But it’s hard not to wonder what it might cost a programme to put together the commercial laboratory infrastructure that FIND has been evaluating. Fortunately, FIND has recently described the experience in Lesotho, where the combination of political will and an infusion of external funds and expertise has transformed the TB laboratory system.21

During a visit to the country in 2006, a team from FIND concluded that the country desperately needed to renovate the TB laboratory system.  The country had launched a quality assurance programme for smear microscopy that had only been partially implemented, and essential equipment to perform DST was missing. In fact, at the time of the visit, the country had to send all the clinical specimens from MDR-TB suspects that required culture and DST out of the country at high cost to laboratories in either South Africa or the United States.

The National TB Programme (NTP) needed little convincing when FIND told them that they could help them upgrade the laboratory capacity at ‘minimal cost. The only problem was that Lesotho’s a very poor country,  — how could it pay for all of this? So they looked to their funding partners, including WHO and Partners in Health, which was establishing a treatment programme for MDR-TB in the country. FIND provided a full-time onsite consultant and procurement of an instrument for automated TB liquid culture and DST, plus a continuous supply of reagents.

Starting in May 2007, the NTP and its partners began to develop training materials and manuals to put in place quality assurance for microscopy (an ongoing process) with external support from the supranational reference laboratory (SRL) in South Africa. At the same time, the National TB Reference Laboratory was renovated to meet biosafety requirements to perform liquid culture. Conventional TB solid culture and DST were then introduced, with external quality assurance provided by the SRL in South Africa.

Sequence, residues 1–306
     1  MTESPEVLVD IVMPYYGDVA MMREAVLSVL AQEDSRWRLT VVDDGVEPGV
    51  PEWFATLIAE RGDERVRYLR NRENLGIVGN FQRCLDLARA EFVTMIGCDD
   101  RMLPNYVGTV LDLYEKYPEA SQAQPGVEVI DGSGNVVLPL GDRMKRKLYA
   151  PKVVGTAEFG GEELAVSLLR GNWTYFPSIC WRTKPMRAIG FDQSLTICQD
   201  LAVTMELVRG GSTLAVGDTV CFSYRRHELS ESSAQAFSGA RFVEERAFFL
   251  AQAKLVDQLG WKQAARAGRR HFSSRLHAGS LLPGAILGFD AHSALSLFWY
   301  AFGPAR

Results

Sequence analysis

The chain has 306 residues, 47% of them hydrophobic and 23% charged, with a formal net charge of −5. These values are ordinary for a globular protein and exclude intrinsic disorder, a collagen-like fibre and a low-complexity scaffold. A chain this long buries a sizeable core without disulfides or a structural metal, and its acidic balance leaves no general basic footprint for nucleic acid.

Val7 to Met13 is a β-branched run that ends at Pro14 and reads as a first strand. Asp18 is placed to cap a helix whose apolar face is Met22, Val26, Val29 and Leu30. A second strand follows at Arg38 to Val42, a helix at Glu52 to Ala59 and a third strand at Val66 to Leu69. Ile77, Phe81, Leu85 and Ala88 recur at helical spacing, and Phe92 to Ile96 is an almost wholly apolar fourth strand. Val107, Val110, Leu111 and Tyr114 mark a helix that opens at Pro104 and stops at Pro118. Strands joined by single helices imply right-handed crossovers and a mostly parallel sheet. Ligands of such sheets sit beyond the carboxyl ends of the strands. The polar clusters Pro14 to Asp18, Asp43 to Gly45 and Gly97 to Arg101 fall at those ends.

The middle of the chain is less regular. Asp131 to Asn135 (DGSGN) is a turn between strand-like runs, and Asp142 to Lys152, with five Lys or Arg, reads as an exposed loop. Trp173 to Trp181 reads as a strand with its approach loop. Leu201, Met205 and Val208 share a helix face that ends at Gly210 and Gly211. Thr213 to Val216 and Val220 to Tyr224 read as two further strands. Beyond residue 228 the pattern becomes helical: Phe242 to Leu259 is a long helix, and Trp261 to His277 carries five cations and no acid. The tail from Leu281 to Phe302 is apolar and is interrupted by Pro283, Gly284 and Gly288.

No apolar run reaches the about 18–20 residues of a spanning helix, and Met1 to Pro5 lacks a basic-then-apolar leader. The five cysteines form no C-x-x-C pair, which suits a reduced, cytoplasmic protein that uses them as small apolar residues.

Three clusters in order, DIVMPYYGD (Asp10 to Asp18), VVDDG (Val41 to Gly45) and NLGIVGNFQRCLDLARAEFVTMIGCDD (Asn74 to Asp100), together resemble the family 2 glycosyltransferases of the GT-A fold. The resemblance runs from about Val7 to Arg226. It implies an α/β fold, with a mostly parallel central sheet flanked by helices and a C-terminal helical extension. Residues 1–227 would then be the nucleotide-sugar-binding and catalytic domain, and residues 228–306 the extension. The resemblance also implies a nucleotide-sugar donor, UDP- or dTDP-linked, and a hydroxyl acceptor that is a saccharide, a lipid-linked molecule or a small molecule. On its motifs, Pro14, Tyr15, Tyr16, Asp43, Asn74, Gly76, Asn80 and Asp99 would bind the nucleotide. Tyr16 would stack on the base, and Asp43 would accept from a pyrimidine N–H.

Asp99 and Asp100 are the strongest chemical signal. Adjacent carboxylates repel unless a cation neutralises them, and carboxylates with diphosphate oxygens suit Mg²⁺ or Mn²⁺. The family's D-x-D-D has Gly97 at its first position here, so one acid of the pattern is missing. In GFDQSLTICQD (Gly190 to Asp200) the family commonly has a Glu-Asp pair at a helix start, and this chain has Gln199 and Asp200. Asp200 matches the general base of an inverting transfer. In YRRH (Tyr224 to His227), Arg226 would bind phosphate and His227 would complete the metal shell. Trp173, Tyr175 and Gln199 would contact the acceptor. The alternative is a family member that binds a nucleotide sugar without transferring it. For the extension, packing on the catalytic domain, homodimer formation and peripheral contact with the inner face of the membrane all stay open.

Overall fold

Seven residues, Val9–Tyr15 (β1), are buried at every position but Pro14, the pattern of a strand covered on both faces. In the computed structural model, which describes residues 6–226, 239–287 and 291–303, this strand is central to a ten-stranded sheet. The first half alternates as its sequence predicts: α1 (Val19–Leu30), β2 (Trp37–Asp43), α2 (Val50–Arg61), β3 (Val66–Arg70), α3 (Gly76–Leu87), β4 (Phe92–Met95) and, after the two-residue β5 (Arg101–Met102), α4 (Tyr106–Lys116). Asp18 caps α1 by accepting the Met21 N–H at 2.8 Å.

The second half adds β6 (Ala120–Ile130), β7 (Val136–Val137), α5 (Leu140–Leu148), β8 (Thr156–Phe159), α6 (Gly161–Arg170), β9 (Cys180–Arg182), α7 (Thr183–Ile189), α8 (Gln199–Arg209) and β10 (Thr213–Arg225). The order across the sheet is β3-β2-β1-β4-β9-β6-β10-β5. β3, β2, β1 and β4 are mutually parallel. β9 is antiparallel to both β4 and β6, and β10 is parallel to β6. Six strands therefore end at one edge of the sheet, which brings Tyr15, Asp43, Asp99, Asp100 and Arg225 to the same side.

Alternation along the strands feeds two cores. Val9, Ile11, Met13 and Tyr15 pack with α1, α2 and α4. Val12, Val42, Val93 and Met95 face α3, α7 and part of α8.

During the second phase, a BACTEC MGIT960 was installed, along with the rapid Capilia TB speciation test, so that liquid culture and DST were available from December 2007. Then, starting with the construction of a clean-room facility for molecular testing in July/August 2008, the capacity to perform LPA was put in place, and training of laboratory staff took place in October 2008.

And how much did it cost? Less than US$550 000, including $93,000 for laboratory infrastructure upgrade, $65,000 for TB diagnostic instruments, excluding the ones that were available but unused, $280,000 for reagents and consumables for one year, and $90 000 for human resources during the project.


The systemic study and field evaluation that commercial systems have received in FIND’s demonstration projects has made it possible for WHO to recommend their scale-up in the field. And in order to respond to the burden of M/XDR-TB, the global MDR-TB & XDR-TB response plan, 2007–2008 estimated that over 130 advanced diagnostic centres for culture and DST would need to be developed in high-burden countries (including 5 national reference laboratories).22 That represents an enormous challenge, especially considering that the commercial options so far are complex and expensive solutions.